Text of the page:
Goldberg: Right, especially if you’re on the Clinton beat, you’re on the Clinton beat. And you have to kind of go chase these leads wherever they take you. And that seems perfectly legitimate. I think where I wish there was more self-reflection, is not that they should go easy on Hillary Clinton because she’s running against this diabolical lunatic, but just—that they should just be conscious of not repeating the same kind of mistakes that always seem to dog coverage of the Clintons, which is, getting into this dynamic where any hint of impropriety is blown up out of all proportion. The Clintons react by shutting down and becoming really paranoid and secretive. And then that secretiveness is itself taken as further confirmation of wrongdoing. So you have these huge, kind of pseudo-scandals that, when you actually deconstruct them, there’s nothing at the center of them. I mean, that was Whitewater, that’s been so many of the Clinton scandals. And it seems like a lot of that is the foundation. There’s a lot of raising questions, there’s a lot of appearance of impropriety, but when you dig down to it, there’s never any there there. And with so much at stake in this election, you know, go after Hillary Clinton for things that are fair, but it seems like they should be being extra careful about this sort of habitual pattern that straight journalists fall into when covering the Clintons.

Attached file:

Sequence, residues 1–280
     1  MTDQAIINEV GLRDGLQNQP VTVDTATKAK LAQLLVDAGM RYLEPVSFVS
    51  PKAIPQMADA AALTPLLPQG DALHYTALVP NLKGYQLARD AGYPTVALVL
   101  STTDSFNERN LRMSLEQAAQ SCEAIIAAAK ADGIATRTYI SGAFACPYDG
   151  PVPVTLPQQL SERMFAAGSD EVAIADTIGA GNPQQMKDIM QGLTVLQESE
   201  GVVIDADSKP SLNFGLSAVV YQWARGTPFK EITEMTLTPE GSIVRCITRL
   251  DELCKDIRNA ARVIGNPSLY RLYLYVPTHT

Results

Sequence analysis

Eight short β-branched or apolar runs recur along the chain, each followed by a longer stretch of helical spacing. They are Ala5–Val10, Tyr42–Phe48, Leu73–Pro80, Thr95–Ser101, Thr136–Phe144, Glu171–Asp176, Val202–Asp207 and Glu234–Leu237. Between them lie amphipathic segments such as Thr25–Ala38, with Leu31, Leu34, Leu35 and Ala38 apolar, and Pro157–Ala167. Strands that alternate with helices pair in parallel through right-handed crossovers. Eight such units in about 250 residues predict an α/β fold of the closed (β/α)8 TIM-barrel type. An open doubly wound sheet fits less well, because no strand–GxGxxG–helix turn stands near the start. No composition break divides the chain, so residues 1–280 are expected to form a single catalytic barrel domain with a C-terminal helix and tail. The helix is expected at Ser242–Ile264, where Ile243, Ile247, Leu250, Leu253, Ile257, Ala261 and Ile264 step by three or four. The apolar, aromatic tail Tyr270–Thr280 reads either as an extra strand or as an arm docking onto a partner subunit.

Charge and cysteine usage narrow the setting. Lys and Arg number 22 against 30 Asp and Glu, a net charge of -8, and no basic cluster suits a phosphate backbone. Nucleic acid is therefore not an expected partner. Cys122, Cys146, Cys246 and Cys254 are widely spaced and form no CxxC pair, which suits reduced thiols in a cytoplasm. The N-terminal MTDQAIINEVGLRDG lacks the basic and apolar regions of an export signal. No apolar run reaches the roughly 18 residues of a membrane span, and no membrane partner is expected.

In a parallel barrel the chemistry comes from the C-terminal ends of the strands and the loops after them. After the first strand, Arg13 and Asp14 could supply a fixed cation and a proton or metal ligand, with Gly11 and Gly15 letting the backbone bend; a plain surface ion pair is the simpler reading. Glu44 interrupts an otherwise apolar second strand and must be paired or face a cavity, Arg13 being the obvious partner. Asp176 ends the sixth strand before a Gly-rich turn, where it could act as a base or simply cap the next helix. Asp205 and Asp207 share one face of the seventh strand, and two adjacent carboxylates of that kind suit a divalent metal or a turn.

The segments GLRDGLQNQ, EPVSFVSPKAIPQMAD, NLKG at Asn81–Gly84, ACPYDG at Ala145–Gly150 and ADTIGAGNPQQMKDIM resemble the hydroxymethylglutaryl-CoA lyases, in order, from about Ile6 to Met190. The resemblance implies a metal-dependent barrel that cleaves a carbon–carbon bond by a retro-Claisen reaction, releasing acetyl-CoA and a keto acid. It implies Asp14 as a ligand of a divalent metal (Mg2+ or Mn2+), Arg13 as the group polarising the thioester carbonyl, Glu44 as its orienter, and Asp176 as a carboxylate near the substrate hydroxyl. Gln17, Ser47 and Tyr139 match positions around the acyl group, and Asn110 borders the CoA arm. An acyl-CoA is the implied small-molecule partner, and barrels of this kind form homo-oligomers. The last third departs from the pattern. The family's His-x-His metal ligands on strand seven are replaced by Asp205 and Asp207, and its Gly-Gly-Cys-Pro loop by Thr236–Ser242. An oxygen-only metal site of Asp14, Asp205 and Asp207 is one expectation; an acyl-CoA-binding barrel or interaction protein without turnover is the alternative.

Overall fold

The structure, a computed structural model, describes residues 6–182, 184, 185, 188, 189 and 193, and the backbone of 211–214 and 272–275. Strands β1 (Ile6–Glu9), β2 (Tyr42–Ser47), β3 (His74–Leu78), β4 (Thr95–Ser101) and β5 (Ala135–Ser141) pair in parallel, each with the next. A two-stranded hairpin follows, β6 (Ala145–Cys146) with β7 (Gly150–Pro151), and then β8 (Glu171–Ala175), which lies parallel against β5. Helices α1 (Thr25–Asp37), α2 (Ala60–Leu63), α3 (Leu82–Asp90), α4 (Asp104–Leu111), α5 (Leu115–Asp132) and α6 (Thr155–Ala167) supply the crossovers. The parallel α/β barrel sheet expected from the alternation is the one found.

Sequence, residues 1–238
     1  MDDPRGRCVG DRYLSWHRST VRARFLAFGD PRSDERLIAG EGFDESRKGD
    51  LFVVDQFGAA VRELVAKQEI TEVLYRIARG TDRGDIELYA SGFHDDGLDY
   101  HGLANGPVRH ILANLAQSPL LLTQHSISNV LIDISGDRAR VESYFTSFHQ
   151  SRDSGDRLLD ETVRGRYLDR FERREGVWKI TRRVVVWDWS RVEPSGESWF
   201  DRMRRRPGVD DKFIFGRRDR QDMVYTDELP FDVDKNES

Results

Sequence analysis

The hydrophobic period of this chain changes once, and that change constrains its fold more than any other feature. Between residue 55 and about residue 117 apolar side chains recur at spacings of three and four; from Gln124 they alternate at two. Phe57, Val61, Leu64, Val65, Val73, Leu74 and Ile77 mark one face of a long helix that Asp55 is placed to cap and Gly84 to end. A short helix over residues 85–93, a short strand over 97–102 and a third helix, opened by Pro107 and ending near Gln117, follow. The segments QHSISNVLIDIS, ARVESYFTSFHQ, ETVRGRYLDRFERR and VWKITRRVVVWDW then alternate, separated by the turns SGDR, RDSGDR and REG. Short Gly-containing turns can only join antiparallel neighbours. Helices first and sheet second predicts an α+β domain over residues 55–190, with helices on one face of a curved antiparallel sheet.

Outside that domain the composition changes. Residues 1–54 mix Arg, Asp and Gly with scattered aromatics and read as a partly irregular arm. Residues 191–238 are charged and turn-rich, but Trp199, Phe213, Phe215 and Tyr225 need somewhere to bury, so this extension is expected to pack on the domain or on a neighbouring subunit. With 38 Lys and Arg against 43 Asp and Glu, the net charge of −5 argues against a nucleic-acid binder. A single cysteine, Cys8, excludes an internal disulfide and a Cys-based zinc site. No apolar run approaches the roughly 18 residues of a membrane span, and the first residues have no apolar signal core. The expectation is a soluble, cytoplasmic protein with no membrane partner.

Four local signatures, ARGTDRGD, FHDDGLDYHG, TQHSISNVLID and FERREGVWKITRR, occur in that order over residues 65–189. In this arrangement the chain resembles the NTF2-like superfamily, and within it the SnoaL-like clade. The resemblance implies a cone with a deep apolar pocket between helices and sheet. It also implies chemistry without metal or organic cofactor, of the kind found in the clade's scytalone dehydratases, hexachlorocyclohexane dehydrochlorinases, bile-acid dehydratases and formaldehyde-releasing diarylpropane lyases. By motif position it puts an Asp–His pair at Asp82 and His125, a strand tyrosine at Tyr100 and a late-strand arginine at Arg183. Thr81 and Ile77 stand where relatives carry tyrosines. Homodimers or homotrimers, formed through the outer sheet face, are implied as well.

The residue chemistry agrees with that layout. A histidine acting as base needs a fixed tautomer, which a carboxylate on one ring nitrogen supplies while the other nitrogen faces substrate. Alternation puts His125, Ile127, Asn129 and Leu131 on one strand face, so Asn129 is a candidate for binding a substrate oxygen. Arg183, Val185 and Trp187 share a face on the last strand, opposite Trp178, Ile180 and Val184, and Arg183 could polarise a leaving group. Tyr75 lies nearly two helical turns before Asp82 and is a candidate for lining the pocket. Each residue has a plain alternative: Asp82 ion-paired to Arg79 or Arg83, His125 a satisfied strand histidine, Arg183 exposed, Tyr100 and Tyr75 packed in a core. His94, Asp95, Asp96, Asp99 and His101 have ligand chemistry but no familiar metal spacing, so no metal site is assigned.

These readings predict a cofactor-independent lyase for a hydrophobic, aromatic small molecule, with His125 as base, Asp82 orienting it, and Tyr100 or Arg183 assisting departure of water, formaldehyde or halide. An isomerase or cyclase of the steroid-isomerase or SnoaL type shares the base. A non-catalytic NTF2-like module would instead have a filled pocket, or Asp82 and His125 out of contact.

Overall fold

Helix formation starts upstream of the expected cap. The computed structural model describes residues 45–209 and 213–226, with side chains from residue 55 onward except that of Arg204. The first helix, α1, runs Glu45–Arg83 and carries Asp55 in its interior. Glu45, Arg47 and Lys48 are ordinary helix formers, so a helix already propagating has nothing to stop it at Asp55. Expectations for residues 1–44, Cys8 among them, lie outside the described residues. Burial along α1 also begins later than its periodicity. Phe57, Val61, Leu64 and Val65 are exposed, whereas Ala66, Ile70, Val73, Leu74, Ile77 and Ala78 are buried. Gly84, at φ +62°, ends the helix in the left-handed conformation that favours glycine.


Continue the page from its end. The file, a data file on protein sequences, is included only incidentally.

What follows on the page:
Weisberg: Well, with the Clinton Foundation, I think if you really look into it, you’ll find mismanagement, you’ll find conflict of interest, you’ll find a lot of stuff that is deplorable.

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Goldberg: I mean, what mismanagement? Didn’t they get an A from what is the big charity-rating agency? [Editor’s note: Charity Watch gave it an A.] They’re rated higher than the Red Cross in terms of their actual functioning as a charity.

Weisberg: They’ve done a tremendous amount of good, and they support good causes. But anyway, I’m just sort of positing that there’s something there. And then you have on the Trump side, you know trying to corrupt the attorney general of Florida, an actual kind of quid pro quo corruption scandal, if you are the AP or some press organization doing your best to be fair. What should you do? Should you give every one of these things kind of a 1-to-10 rating and do the Trump 9s before you get to the Clinton 3s and 4s? I mean what’s a fair way to cover them both?

Goldberg: God, I mean, I don’t know. Do you know? It seems like on the one hand, the very structure of even the physical product of a newspaper, or the kind of physical length of a newscast mitigates against the proper proportions. You know what I mean? You can’t have 20 articles about Trump’s misdeeds for every one article about Clinton’s, or 20 articles about Trump’s things that disqualify him for every one article raising questions about Clinton’s record. But the disproportion between the two candidates would suggest that that’s what a kind of properly weighted investigation of both of them would look like.

Weisberg: The structure of coverage is that there are two choices to be made, and they’re not the same, but generally they’re both valid choices.

Goldberg: Right, and this is one of the reasons Donald Trump is such a challenge. He’s kind of like an epistemological challenge. By its very nature, the Republican nominee for president, you don’t have a way to treat that as not being a valid choice.

Weisberg: Exactly.